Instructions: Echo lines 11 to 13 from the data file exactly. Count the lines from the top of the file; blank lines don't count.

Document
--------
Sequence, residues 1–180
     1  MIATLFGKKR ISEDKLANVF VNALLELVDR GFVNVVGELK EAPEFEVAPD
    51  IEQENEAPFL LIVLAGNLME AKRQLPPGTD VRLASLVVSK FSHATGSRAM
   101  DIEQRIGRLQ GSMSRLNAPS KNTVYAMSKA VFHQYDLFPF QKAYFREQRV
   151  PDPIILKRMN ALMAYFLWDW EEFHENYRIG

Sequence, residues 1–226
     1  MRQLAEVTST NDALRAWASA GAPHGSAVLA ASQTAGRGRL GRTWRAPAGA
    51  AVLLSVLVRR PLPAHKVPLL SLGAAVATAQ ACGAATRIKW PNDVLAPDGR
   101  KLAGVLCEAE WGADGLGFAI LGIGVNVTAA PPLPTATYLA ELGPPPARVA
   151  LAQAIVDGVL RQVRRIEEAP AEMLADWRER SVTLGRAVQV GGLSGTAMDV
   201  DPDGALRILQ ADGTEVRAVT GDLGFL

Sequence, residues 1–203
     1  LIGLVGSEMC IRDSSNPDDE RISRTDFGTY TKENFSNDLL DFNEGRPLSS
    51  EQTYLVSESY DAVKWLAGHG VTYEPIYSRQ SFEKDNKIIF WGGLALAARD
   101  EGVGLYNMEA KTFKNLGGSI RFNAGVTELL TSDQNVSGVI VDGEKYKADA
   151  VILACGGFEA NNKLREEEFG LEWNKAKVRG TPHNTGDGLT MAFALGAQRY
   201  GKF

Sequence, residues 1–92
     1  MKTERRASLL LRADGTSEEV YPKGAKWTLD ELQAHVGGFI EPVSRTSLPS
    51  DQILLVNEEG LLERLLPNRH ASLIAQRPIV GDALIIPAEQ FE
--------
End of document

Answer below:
   201  DPDGALRILQ ADGTEVRAVT GDLGFL

Sequence, residues 1–203
     1  LIGLVGSEMC IRDSSNPDDE RISRTDFGTY TKENFSNDLL DFNEGRPLSS